Though there is no agreed definition in the literature. Coercive Control can be viewed as a pattern of domination, or an exercise of power used by one human over the will and well-being of another human. What is deployed in the actual behaviors of coercive control take on multiple and variable forms, which can include the following. 

Please note – this is not an exhaustive list. It is meant to give a brief view of the insidiousness.

  • Fear producing act/threats
  • Degrading the character of the targeted individual
  • Isolating the character of the target individual
  • Exploiting the targeted individual
  • Sexual threats, demands, abuse, known and unknown
  • Deprivation of the targeted individual 
  • Stalking, voyeuring, hostage taking
  • Deception to the point that one’s true character and intentions are not revealed to create a place for the other party to make a choice about consent to any type of engagement
  • Any control by threat, force, intimidation, or other means of the targeted individual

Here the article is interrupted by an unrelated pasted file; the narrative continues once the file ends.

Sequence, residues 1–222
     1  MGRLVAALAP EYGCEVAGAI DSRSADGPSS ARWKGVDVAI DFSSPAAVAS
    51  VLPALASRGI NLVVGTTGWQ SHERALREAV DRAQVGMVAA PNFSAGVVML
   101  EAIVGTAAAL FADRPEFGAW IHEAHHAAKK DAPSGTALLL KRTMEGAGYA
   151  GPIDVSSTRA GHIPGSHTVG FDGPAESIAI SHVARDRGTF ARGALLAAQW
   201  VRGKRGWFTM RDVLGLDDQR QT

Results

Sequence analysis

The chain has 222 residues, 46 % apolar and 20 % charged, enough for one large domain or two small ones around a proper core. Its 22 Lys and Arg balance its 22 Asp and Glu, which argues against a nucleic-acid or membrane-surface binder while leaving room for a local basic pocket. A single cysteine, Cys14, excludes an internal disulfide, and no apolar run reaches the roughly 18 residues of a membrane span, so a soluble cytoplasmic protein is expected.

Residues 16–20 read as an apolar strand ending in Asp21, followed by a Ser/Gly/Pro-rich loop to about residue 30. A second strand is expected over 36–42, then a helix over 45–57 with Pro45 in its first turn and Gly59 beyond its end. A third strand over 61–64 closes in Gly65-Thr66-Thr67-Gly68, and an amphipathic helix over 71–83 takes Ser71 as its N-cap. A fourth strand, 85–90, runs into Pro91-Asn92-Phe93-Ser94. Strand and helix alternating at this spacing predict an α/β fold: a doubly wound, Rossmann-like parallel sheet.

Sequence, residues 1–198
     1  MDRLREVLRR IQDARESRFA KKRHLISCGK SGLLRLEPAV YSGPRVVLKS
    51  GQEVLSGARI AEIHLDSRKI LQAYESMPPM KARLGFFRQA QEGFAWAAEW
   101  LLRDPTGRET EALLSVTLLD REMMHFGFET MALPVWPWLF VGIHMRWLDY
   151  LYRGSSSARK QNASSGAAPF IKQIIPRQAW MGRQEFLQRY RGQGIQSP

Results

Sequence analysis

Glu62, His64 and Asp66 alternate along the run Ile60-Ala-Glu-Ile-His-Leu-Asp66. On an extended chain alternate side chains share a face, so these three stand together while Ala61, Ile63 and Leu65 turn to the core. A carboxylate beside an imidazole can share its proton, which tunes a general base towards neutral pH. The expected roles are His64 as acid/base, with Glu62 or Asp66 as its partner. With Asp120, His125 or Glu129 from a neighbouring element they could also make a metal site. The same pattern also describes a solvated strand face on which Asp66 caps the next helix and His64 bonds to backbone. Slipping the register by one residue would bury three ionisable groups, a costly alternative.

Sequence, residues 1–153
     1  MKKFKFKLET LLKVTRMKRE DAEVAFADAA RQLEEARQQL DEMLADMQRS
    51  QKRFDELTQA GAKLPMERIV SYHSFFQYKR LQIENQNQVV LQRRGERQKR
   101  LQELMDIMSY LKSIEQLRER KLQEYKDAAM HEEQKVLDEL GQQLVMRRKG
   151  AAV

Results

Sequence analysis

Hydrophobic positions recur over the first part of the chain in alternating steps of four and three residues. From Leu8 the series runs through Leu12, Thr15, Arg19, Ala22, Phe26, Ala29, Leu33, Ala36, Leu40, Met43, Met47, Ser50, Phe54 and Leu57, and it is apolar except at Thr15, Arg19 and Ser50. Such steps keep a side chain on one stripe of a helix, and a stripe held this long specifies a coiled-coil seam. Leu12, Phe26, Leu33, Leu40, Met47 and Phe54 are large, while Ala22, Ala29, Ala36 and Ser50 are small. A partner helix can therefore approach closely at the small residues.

What must be seen in this is the close connection to domestic abuse. 

*Again, please note – this term “domestic” though widely used in our current taxonomy, at Center for Peace the use of “domestic” has an implication of there being two parties mutually involved. We hold to the model that all abuse is unilateral and known behaviors deployed by the perpetrator and targeted to his wife/intimate partner.

It is Rarely a Single Event

What is important to understand is that the deployment of coercive control is never a single event. It is a pattern of behavior that is ongoing, often exacerbatory in nature as the power to control increases. 

In some instances, there is physical violence, but in many there is no physical contact of one human to another – this does not reduce the violence of this pattern of behavior and the depth of harm felt by the victim.

Any type of abuse or coercive control can be violent and damaging and these experiences can be long lingering even when the victim is no longer with the perpetrator. This is a main reason Center for Peace continues to speak out on these issues to increase awareness of the need for updates to the education of these behaviors in the legal system and mental health arena as well as impacts on the victims.

Invisible in Plain Sight